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Anderson expects government to declare DBFO is ‘fine as it is’

Phil Anderson expects today’s Senate report to find that the DBFO bill is “fine as it is”.

Speaking at an event on Thursday morning, Financial Advice Association Australia (FAAA) general manager policy, advocacy and standards Phil Anderson said he does not expect that last week’s Senate economics hearing had an impact on how the government views the Delivering Better Financial Outcomes (DBFO) bill.

While the FAAA and a majority of the advice profession are broadly supportive of the bill, they sought the alteration of the revised section 99fa of the SIS Act, which in its current form suggests that trustees should rigorously review each statement of advice (SOA) before allowing for the payment of advice fees.

While the government recently amended the bill’s explanatory memorandum (EM) to clarify that rigorous reviews are not required, the profession and legal experts argue that changes to the EM are not adequate and that the legislation itself needs to be amended.

Despite their strong opposition to the section both in the media and before a Senate economics committee last week, Anderson believes the report being handed down today will reveal that the majority government view is that the bill is “fine as it is”.

The Senate economics legislation committee’s report on the first DBFO bill is essentially the Senate committee’s opinion of the bill, which the Parliament will take into account before passing the bill.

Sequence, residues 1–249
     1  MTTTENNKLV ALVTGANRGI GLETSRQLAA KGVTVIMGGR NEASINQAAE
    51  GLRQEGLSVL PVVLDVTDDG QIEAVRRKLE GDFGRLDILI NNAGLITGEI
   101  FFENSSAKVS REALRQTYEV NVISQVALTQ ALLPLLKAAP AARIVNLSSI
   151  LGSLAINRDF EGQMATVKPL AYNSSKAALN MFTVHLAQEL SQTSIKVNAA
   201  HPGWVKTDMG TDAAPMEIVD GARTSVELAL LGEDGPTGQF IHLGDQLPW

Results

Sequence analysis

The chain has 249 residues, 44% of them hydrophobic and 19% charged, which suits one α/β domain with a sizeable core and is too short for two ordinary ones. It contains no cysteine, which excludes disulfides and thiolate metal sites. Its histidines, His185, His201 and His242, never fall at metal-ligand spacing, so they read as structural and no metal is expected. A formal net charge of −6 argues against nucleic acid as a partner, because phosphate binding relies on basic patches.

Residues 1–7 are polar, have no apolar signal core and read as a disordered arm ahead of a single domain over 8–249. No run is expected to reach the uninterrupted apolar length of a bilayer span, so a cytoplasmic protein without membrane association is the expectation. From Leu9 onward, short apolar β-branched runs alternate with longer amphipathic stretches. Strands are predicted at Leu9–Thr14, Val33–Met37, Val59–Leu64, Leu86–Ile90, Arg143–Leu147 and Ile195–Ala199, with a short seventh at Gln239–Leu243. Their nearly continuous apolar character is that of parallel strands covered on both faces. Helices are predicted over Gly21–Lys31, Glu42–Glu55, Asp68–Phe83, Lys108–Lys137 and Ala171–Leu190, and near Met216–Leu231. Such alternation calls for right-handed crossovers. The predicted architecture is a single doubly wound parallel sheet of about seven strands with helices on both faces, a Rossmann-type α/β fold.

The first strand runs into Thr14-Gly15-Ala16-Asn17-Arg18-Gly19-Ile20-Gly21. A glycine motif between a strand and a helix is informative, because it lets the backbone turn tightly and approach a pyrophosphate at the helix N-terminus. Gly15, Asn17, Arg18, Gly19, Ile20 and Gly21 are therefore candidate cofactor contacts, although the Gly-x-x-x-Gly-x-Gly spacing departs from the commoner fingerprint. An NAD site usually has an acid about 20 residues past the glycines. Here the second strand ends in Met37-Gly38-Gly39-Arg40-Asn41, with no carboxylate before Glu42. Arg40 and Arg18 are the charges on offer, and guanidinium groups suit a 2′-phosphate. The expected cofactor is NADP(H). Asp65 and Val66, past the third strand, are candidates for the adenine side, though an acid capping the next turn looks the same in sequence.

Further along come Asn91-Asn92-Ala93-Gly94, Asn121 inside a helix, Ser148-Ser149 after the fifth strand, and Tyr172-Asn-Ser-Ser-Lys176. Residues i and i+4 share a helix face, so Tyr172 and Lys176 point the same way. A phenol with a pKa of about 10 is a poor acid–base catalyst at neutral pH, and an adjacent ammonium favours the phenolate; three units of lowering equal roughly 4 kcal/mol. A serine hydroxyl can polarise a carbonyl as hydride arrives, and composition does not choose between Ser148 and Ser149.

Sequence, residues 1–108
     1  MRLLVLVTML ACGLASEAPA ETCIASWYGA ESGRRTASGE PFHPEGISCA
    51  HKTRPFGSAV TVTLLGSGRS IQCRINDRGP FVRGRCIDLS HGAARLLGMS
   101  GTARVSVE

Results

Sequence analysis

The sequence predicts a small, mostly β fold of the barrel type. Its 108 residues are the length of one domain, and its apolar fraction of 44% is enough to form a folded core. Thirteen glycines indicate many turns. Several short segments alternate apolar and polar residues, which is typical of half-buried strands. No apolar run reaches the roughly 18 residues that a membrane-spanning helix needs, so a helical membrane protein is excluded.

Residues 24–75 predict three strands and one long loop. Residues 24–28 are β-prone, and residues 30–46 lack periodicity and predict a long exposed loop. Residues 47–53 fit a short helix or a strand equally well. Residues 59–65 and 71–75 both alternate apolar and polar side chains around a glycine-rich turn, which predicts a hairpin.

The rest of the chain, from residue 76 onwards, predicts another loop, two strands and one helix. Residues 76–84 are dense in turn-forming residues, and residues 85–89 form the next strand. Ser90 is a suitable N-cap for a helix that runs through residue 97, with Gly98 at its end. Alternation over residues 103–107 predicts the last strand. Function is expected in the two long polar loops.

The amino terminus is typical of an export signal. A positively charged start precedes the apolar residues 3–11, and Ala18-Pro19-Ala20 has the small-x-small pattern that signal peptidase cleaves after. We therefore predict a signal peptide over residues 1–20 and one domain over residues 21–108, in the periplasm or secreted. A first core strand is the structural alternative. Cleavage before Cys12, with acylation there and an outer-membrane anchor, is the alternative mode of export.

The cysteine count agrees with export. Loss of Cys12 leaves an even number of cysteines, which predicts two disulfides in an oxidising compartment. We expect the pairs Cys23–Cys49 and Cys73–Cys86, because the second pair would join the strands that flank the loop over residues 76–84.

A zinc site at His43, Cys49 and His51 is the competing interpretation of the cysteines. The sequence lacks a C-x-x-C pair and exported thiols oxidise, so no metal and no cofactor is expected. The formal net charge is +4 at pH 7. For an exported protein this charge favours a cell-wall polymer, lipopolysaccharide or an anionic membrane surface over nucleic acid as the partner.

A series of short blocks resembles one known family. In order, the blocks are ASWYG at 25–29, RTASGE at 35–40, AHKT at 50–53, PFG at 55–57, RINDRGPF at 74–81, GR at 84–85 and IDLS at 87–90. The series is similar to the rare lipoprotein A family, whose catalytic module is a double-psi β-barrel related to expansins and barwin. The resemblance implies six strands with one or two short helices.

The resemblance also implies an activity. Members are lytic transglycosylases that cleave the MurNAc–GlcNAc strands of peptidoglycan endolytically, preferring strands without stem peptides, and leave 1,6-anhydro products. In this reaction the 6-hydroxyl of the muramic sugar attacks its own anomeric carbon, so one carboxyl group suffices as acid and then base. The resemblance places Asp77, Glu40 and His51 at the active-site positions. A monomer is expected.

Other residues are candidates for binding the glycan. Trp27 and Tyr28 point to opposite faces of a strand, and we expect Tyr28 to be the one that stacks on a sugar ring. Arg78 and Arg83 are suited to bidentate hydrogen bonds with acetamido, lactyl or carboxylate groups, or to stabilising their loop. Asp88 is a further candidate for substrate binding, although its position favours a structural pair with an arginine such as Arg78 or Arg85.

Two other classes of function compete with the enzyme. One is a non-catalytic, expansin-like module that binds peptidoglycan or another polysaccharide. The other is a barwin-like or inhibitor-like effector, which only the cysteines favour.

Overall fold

“Ultimately, it will be debated in the Senate,” Anderson said on Thursday ahead of the report’s release, adding that he expects the opposition to push for change.


He reminded that the Parliament is due for a break in two weeks, and while he expects the bill to get its time in the spotlight before that takes place, he did say “we might need to wait to August”.

Earlier this week, speaking at a Vanguard event in Sydney, Financial Services Minister Stephen Jones said the proposed changes to section 99fa of the SIS Act do not attempt to change arrangements currently in place.

“All we are attempting to do is ensure that the law confirms the status quo. That’s what we’re trying to do,” Jones said.

“[We’re not trying to] change any arrangements that are currently in place. Levy’s review said current practice was not supported by the law, so we said, ‘OK, let’s sort that’.”

Jones also confirmed that if needed, the government would “sort through some of the details”, hinting at the possibility of responding to industry pressure by including assurances directly in the legislation rather than relying solely on the explanatory memorandum.

But he clarified that while sorting out details is a possibility, he doesn’t want it to be a “distraction from the main game”.

“The main game is getting on to the second tranche of reforms,” he said.

Moreover, the minister again confirmed that he does not expect superannuation trustees to check every single piece of advice documentation.

“They won’t have to check the individual statement of advice, they’ll put in a risk-based approach, as they are supposed to today. They should be continuing the process they have in place today.”